Shoshone-Bannock Tribes of the Fort Hall Reservation of Idaho

Staff Reports
3/7/01

Ernestine Werelus got tired of hearing she did not own land on the reservation. There were the countless comments that Indians receive free government checks when it actually is money from the lease of her land. The last straw came when a man asked her to sign a lease consent form. When she asked for a higher price, he vowed to go to the BIA, which would lease the tribal land to him. "He said, 'You don't own the land anyway,"' she said. "It was a personal experience that touched the wrong button." So, Werelus and her husband, Steve, formed the nonprofit Fort Hall Landowners Alliance. They educate residents about the trust land they own, teaching them to read maps, negotiate lease rates and determine how much they should be receiving. Nearly all tribal members have some land they inherited from their ancestors, most in trust administered by the BIA. Under a deal reached with the BIA last year, the government declined to admit wrongdoing but agreed to pay reservation landowners the $25 an acre instead of the $16 an acre charged the renters. A judge ordered the payments made in January when the BIA failed to meet his deadline for new regulations.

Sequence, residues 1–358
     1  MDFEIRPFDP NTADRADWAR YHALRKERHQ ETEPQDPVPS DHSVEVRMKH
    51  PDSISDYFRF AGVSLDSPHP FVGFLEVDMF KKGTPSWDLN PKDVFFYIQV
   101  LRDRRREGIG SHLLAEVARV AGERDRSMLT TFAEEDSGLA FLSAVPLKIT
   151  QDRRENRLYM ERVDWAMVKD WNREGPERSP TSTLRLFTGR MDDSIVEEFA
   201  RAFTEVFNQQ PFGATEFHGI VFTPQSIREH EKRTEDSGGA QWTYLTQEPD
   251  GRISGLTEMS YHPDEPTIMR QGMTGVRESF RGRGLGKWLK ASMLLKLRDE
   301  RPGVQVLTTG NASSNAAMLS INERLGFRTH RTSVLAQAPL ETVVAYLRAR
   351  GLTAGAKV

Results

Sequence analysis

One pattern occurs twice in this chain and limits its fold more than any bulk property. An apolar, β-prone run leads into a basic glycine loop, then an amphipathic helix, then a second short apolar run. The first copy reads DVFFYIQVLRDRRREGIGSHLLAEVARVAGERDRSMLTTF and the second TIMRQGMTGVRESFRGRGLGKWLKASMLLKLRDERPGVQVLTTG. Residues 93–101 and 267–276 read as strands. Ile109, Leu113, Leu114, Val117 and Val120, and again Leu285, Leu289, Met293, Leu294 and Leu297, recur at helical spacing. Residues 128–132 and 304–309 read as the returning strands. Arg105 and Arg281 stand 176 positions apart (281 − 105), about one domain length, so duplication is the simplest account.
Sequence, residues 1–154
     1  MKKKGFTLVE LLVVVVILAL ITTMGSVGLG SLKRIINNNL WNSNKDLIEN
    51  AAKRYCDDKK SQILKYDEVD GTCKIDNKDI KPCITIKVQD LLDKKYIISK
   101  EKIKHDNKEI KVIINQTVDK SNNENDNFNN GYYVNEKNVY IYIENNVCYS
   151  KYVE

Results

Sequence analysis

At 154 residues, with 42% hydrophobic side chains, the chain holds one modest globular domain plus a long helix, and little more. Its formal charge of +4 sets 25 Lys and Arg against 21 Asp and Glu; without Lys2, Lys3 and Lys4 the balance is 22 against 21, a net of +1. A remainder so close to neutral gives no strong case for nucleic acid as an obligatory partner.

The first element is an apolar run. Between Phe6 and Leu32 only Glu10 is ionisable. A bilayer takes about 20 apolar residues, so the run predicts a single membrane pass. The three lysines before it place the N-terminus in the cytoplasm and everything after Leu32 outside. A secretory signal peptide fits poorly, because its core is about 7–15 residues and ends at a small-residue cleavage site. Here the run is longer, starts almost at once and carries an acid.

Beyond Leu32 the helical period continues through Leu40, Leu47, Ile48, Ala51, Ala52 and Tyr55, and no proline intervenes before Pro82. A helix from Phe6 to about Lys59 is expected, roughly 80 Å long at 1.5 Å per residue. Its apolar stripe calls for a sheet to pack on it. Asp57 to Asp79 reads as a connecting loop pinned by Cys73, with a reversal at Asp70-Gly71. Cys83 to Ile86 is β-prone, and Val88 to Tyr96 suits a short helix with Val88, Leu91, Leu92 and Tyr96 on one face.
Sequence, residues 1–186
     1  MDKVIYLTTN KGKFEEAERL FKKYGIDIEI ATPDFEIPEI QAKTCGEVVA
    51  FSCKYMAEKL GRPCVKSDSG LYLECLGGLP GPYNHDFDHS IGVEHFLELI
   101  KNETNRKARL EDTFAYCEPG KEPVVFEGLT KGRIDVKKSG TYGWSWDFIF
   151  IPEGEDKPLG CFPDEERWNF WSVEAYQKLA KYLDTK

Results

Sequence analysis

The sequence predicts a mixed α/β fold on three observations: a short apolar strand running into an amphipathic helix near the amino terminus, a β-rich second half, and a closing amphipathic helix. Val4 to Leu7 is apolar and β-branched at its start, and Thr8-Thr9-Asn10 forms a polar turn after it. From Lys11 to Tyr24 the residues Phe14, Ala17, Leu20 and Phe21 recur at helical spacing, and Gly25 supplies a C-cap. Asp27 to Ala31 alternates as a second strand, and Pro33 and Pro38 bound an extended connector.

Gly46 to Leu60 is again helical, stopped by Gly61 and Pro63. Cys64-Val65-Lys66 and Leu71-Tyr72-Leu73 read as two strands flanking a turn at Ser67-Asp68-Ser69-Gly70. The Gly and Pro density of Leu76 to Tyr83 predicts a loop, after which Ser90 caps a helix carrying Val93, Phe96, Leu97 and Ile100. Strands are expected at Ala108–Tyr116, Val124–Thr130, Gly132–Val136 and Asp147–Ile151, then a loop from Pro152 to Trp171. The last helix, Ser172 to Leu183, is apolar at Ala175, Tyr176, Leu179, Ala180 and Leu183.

The Fort Hall Tribal Business Council granted a temporary building permit to Astaris to erect a land disposal restrictions building at its plant west of Pocatello on reservation land. The permit was denied by the Tribal Land Use Policy Commission in October. Astaris broke ground for the facility without a permit in December. The temporary permit stipulates that concerns of the commission must be met. The commission had cited a lack of blueprints, failure to obtain a use permit and failure to pay a hazardous waste treatment fee. The council will also require that environmental monitoring and risk assessment results from the Environmental Protection Agency be given to tribal government officials. The Land Use Commission and tribal environmental personnel will be given open access to inspect the plant. The Land Disposal Restrictions Facility is required as part of a 1998 legal decree between the EPA and the U.S. Department of Justice requiring Astaris to treat solid waste according to the Resource Conservation Recovery Act. The plant will eliminate the need for on-site waste ponds, which the company plans to close and clean up by 2007. If the facility is not completed by May 2002, the Astaris plant would be forced to shut down.

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